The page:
Karavany, who manages the development of the Bnei Shimon track. For the student team at Ben-Gurion, though, Jerusalem Formula was merely a milestone en route to the main event: a sleeker design and a strong finish at Formula SAE, a competition in which student teams worldwide race homemade cars through the streets of Varano de’ Melegari in northern Italy. Last year, Dror Hazan, right, one of the managers of the Ben-Gurion the Israeli team placed 11 in University Formula project, pushed Rani Dekel, who was driving the race car during the Jerusalem Formula a field of 42. The Ben-Gurion team event on June 14. (Photo by Raz Schweitzer/Ben Gurion began working toward this Racing) year’s race last summer, when the students Dekel and Efroni both said they would split into pairs and each tandem chose a part pursue jobs building Formula cars if the of the car to design. Each pair then spent a industry existed in Israel, but the country couple of months studying its part before has no racetracks or racing teams. starting the design on a computer. “The car With the opening of the Bnei Shimon is a huge number of different specialties that complex, which has been in the works go into one machine,” said Dor Efroni, one for nearly a decade, that may change. The of the project’s managers. “No one thing is complex will feature a 1.3-mile paved more important than the next. Each small track for rally cars and motorcycles, and aspect needs to be perfect.” a school for race-car driving. At a later Last year, Efroni worked on the car’s stage, the 80-acre complex will include an steering system; this year, he’s in charge automobile museum and a track suited to of the gearshift. His goal, he said, is to find Formula cars. the optimal balance between the engine’s For now, Karavany hopes foreign drivers weight and the car’s acceleration. will be drawn by Israel’s weather, which The main difference between last year’s allows for driving in winter when racing is model and the current one is that the motor impossible in Europe. oil is now in a container next to the engine Backers of the project also hope the driving rather than under it, which allows for the school will help fix a chronic problem in Israel: engine to be lower and the car faster. Last deaths on the road. “When someone learns safe year’s car went from zero to 60 miles per driving and race-car driving, only then will hour in less than 4 seconds. he learn his limits as a driver,” said Zion Ofri, After the car is designed on screen, the a lead investor in the Bnei Shimon complex. students work with Israeli auto shops to “Then he learns to drive cautiously.” build the parts, often using their own streetSome in the small world of Israeli motor legal cars to move parts from the Negev up sports would rather see the country invest in north. Students from Jerusalem’s Bezalel races featuring stock cars and motorcycles, Academy of Arts and Design fashion the which could use the Bnei Shimon track next car’s siding. year, rather than Formula 1. But for enthuEfroni wants the car done by July, fol- siasts like Dekel, the chance to drive on the lowed by testing and driving training before streets of Jerusalem is an experience unlike it is shipped to Italy in September. “It’s a any other. “It was like being Madonna’s crazy feeling,” Efroni said of the competi- opening act,” he said. “To make so many tion. “It’s four days of a huge high.” people happy was like magic.”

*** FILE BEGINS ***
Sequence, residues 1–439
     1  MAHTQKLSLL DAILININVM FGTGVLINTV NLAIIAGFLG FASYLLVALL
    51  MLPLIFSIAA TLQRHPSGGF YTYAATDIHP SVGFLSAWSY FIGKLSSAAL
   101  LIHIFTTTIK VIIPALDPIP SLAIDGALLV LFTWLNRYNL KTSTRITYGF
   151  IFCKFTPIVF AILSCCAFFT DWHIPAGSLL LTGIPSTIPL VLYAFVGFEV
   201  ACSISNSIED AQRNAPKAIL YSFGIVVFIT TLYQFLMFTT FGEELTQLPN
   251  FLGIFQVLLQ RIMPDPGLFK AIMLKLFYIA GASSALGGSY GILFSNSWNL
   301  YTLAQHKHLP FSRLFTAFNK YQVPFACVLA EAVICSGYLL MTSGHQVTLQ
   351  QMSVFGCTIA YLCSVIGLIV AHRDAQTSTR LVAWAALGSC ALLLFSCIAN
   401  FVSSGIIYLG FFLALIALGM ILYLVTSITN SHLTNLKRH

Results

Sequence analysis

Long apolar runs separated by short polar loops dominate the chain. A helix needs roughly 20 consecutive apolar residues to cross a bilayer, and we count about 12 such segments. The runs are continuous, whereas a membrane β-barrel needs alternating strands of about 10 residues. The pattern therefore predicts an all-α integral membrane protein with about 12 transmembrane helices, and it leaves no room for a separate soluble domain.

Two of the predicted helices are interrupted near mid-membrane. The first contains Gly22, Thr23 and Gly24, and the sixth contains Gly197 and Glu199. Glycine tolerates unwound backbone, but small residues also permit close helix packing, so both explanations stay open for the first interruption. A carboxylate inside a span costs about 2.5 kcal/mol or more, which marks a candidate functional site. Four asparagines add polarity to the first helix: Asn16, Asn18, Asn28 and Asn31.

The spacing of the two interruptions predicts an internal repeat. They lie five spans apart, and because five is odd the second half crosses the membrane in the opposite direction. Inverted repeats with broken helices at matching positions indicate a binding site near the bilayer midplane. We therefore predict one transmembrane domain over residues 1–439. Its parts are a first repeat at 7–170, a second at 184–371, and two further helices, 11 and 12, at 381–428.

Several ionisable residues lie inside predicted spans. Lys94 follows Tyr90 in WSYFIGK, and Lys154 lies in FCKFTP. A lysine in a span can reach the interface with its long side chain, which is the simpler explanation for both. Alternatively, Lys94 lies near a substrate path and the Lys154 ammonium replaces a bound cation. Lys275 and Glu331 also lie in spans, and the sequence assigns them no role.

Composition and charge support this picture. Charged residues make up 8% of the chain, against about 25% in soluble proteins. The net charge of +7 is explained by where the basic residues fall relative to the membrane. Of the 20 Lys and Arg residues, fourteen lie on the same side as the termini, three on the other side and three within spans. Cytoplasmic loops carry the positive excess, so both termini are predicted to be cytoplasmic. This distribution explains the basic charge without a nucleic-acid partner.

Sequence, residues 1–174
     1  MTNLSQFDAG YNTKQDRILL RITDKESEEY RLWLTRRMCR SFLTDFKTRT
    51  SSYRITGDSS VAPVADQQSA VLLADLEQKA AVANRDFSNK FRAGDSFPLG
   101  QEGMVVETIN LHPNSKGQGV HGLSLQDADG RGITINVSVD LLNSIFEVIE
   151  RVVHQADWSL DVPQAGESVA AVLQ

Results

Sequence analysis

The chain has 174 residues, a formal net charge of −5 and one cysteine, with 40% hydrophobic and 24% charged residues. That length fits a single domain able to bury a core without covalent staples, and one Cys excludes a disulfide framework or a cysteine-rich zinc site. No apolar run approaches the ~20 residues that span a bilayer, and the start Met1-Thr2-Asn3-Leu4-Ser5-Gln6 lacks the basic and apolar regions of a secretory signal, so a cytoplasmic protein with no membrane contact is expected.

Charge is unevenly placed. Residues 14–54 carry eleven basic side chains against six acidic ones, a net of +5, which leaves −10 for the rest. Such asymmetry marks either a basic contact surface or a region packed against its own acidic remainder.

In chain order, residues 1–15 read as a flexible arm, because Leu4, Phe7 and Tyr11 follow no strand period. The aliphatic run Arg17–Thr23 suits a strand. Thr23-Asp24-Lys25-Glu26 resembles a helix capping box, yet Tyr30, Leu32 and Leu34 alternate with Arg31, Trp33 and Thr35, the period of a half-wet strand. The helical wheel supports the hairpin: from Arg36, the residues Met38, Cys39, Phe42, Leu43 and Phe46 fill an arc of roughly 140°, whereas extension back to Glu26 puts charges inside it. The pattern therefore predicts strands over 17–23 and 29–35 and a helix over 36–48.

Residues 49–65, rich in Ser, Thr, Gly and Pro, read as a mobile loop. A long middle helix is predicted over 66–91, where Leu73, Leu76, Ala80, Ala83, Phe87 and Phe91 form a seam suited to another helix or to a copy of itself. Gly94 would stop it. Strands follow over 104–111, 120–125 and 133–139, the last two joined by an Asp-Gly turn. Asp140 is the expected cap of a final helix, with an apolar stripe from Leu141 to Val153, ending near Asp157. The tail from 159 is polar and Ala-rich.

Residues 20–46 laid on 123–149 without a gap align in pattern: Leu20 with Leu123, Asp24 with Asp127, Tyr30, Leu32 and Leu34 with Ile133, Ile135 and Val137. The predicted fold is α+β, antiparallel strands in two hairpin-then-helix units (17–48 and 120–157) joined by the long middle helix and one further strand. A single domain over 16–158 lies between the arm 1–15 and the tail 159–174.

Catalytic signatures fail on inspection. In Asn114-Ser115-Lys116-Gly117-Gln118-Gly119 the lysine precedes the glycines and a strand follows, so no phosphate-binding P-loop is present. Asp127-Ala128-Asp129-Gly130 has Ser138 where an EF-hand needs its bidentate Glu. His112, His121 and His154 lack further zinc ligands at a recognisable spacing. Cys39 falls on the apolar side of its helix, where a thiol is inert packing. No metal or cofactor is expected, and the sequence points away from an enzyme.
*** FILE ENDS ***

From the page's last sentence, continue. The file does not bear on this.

A Formula 1 Ferrari race car drove through the Old City during the Jerusalem Formula Peace Road Show on June 14. (Photo by Flash 90)